Collin, a 16-year-old student at Hunter High School in West Valley City, is a member of several guns rights organizations, including Teens for the Republic and March For Our Rights. He's organized or participated in a handful of public demonstrations expressing his support for the Second Amendment, and he routinely speaks to local media about what he calls the "political side" of owning and purchasing firearms.
"Without the political side, you can't have the fun side," he says, referring to "shooting crazy guns."
"Growing up in elementary and junior high, everyone liked guns, they were the cool thing and stuff. Once this started happening, everyone switched to, 'Guns are bad and no one wants them,' and they all want them gone now," Collin says. After all, when his parents and grandparents were younger, they had rifle racks on their trucks and their schools had shooting ranges. "I think it's a societal change," he says.
In an attempt to foster public dialogue, Collin plans on soon starting a podcast that will feature conversations between him and reform advocates. "We all want safety. None of us want these mass shootings to happen," he says.
Collin suggests classes on responsible gun ownership and information sessions on how to legally purchase a firearm and acquire a concealed-carry permit. "If we could teach children and teens and kids who are uninformed about that, incidences would go down much more," he says.
For her part, Tina sees her role as being a supportive parent, regardless of whether she sees eye-to-eye with her son. Both of Collin's grandmothers have views that contrast with his, but one still supports him and goes to his rallies. But the other, Tina says, refuses to engage with Collin on the subject and doesn't support his political messaging.
"That's where I have my concerns, is, support your kids, support them in what they're believing, support your family," Tina says. "He wants to become a political voice for this and become an activist. And I am 100 percent for that. I think it's fantastic that's what he wants to do, and, how can I support him in being able to do that?"
Like any parent, Tina worries about Collin. She knows he gets threatened for publicizing his views, and it's alarming to her how public-facing his mission is. "Rolling Stone just quoted him," she says. "It's scary to have these kids so out in front like they are."
Concerns aside, it's been "mind-boggling" for Tina to learn so much about Collin "as a human being" and not just see him as her child.
"My kid is thinking as an adult in many ways. Yeah, he still has a lot to learn, and experience goes a long way, but his heart is in the right place," Tina says. "He's willing to have a conversation, so I should as well."
Rep. Angela Romero has been advocating for gun reform for 26 years, first as a teenage member of the Utah Coalition of La Raza and then as the Democratic representative of District 26 in the Legislature. "I have family members in particular who got caught up in the system because a gun was used in the commission of a crime," she says, referring to a cousin sentenced to 65 years in federal prison because of mandatory-minimum sentencing. "Sixty-five was lenient," Romero says before asking broader questions about such laws—Do the punishments always fit the crimes? Who do these penalties impact, really?
"We're not talking about the underlying issue, the systemic issue, which is why do people use guns to hurt others?" Romero says. "If you go back and you look at these mass shooters and you look at guns used in urban settings, you're looking at hurt people who, in turn, hurt other people."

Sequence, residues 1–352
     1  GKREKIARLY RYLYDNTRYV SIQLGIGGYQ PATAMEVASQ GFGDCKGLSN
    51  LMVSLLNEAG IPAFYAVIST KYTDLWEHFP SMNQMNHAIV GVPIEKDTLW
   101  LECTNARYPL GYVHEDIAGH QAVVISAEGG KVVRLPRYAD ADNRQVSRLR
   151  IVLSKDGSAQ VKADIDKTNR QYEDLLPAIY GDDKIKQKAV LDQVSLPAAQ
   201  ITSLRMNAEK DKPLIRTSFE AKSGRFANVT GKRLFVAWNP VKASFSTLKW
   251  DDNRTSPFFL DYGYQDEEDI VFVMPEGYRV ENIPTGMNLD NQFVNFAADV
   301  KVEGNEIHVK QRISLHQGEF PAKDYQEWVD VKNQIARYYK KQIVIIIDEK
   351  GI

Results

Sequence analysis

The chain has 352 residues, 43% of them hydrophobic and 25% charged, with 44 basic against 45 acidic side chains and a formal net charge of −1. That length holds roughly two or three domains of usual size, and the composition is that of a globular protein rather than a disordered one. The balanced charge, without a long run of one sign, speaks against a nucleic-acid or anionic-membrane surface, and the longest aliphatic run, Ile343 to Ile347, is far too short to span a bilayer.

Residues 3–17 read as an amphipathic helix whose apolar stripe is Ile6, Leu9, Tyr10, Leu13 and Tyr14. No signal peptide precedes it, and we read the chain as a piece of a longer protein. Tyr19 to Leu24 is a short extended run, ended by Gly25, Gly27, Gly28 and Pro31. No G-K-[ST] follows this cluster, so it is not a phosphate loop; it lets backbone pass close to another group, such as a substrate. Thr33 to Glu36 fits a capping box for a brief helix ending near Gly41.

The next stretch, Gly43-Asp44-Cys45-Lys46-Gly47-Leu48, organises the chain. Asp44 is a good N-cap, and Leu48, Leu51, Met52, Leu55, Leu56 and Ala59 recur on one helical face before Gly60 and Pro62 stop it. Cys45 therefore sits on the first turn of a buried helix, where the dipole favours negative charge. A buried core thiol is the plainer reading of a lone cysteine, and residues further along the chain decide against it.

Romero separates gun violence into three topics: Urban, domestic and mass shootings. Imagine a Venn diagram, each category distinct but overlapping in some way with the other two. Each requires distinct policies to address their root causes, but there's at least one thing that could help all three.
"I think the commonality for all of these three issues is access to mental-health professionals," Romero says, but that's just one piece of the puzzle. "Not everybody has equal access to the same opportunities. Until we talk about equality in terms of equity, we'll still have gun violence.
Take, for instance, urban violence, in which city residents in communities of color use guns to harm one another. Romero says analysis of this type of bloodshed frequently fails to take systemic issues into account and neglects to understand that, "No one wakes up and says, 'I want to hurt people.'"
"How does lack of opportunity, how does that all play out on who picks up a gun and who's criminally prosecuted for gun violence?" Romero asks. In other words, poverty, disparities in educational opportunities, lack of access to resources compared to higher-income areas—this all contributes to gun violence in urban settings.
"Historical trauma plays a huge role in where we are as communities today," Romero says.
Cautioning against viewing Parkland as the beginning of youth activism on gun reform, Romero says young people have been speaking out for a while. "I think we had more media attention because it impacted not only communities of color, but it impacted white youth," she explains. "It just hasn't been highlighted like it is now."
Romero says she hasn't been in touch with the local March For Our Lives chapter. "They haven't ever reached out to me, and I haven't ever reached out to them," she says, but in the past she has worked with student activists, and been involved in a few of their events.
"I'm glad that young people in Utah and across the country are pointing out this is not just about mass shootings—this is about urban violence," Romero says. "Some of us in communities of color have been talking about intersectionality for 20 years, before intersectionality was cool."
"I'm grateful for them being advocates," Romero says of area teens and young adults seeking reform and understanding it's a complex issue that cannot be disentangled from history. But she'd also welcome whomever wanted to join a cause that's been important to her for almost three decades. "I could care less what the person's age is," Romero says. What's important is their resolve, their commitment to understanding the issues and their willingness to work together to make their schools, relationships and communities a safer place for all.
"It always amazes me when adults say, 'This is our future.' They're our present," Romero says of politically active teenagers either dismissed as naive kids or considered to be investments that will eventually pay dividends.
"I understand from lived experience that people write you off because of your age," she says. "What makes my voice stronger than their voice?" After all, she was their age when she started advocating for reform.